For a while the standard line for enhancements has been “make it a plugin and see where it goes”. This may not always be the proper response but when dealing with the deluge it is at the very least the easiest and a plugin is usually the simplest way to see feature X in Rails.

So here’s the guide part: we could use an alternate viewpoint. The rails-core list is significantly biased: people who care to speak up there are comfortable writing patches and plugins. I expect a good portion of you watching my feed and visiting my blog haven’t written patches for Rails and haven’t written your own plugin. Do you think keeping the enhancement category is worthwhile?

The real question here isn’t whether Rails should accept new features. Patches for new enhancements would be considered but enhancement tickets sans a patch would not.

I’d like to make this an open dialog. Please, speak your mind. And careful with that submit button. Apparently my comments are a bit wonky and it tends to result in double posting. I’ll try to fix it as soon as I can.

Next week we’ll return to our regularly scheduled practical guides.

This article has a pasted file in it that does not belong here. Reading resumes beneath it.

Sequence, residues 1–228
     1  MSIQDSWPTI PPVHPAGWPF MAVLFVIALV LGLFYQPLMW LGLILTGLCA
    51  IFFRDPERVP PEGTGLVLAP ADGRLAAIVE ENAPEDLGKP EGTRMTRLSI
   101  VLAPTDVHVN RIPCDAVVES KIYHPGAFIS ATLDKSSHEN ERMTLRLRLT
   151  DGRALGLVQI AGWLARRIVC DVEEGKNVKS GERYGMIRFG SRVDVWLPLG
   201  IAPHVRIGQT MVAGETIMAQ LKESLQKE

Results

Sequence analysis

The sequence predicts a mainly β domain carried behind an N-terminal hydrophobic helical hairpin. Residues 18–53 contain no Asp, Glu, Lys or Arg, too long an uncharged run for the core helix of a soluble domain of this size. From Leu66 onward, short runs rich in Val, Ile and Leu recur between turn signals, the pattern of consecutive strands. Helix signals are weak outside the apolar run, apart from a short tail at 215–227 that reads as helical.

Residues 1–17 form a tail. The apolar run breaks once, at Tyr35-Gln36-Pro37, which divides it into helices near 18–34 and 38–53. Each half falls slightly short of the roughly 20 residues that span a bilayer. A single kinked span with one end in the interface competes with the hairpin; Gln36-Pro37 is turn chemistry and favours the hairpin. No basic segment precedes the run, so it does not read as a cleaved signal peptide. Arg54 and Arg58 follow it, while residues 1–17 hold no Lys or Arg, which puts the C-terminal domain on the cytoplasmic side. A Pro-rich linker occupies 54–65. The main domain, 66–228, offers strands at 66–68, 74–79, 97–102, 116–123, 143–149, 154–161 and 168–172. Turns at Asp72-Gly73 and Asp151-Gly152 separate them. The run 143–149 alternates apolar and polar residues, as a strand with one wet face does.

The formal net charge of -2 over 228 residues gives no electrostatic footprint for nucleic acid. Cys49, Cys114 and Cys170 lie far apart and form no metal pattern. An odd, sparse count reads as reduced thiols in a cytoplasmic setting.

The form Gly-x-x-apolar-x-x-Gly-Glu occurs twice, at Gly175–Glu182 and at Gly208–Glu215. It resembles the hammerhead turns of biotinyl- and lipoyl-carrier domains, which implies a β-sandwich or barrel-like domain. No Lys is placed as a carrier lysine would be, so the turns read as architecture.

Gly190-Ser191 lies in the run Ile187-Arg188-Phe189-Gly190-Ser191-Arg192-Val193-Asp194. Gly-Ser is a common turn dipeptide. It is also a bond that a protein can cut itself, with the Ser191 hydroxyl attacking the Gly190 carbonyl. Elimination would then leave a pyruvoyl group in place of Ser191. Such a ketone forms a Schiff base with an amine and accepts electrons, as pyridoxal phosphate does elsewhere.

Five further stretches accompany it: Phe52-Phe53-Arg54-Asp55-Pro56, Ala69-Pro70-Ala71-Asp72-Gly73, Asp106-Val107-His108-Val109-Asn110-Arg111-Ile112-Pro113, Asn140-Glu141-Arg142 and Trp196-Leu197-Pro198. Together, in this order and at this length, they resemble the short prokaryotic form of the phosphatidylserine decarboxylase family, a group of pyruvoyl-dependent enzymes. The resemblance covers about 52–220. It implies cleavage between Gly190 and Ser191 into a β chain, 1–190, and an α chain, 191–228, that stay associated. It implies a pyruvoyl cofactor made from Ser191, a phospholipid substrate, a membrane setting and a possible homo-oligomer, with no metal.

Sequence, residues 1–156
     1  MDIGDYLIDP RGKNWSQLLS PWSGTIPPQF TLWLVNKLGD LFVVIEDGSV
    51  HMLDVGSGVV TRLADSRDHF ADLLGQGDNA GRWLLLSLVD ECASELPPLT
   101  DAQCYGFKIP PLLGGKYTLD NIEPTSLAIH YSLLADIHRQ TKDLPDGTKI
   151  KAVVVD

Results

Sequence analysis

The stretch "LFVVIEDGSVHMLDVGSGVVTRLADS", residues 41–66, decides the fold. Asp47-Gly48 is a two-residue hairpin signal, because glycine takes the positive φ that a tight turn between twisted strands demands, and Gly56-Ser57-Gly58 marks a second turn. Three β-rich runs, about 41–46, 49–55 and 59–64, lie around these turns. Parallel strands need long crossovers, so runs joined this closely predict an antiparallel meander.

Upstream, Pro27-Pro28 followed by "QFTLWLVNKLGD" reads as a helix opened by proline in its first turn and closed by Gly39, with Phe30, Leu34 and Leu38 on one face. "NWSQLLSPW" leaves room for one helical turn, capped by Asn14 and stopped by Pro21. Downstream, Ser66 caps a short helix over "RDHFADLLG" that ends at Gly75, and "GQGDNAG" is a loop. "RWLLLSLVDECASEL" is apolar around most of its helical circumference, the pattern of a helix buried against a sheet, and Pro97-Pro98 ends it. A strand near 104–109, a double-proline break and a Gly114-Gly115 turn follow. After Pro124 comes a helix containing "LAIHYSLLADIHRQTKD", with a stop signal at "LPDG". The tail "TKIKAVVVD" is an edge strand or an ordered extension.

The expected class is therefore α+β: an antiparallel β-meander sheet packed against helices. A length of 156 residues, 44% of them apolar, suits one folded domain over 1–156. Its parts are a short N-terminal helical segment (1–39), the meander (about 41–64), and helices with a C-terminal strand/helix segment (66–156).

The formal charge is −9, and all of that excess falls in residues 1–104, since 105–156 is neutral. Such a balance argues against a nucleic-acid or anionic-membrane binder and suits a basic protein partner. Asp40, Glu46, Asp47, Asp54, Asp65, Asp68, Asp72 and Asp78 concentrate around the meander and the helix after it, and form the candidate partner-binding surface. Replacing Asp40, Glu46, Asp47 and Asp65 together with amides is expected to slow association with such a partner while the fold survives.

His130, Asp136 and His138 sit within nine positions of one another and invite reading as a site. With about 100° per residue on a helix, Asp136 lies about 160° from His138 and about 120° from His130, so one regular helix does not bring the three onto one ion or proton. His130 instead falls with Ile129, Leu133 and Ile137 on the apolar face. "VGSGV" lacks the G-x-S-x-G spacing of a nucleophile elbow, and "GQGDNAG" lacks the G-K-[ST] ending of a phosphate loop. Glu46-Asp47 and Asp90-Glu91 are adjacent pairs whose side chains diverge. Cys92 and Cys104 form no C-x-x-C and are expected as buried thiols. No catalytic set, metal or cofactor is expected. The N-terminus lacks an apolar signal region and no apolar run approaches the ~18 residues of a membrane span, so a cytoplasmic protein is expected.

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More Guide Ideas

Posted by kev Thu, 01 Jun 2006 04:54:00 GMT

The guides seem to be doing well. My next guide is scheduled for Monday the 5th. If you’ve got an idea or a question, please send it my way.

kevin dot clark at gmail dot com

Include “[idea]” in the subject line.

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Guide: Test Driven RJS with ARTS

Posted by kev Mon, 29 May 2006 17:51:00 GMT

RJS is really a pain to debug. When things aren’t working right, they often don’t show up on the page at all. These truths make testing RJS especially important.

When researching for this article, I looked into the rjs_assertions plugin, but was generally unhappy with the offerings. rjs_assertions isn’t complete and the syntax felt cryptic.

So, I rolled my own. I’m calling the plugin ARTS: Another RJS Testing System, and the number one goal is to make an easily understandable syntax for testing RJS templates.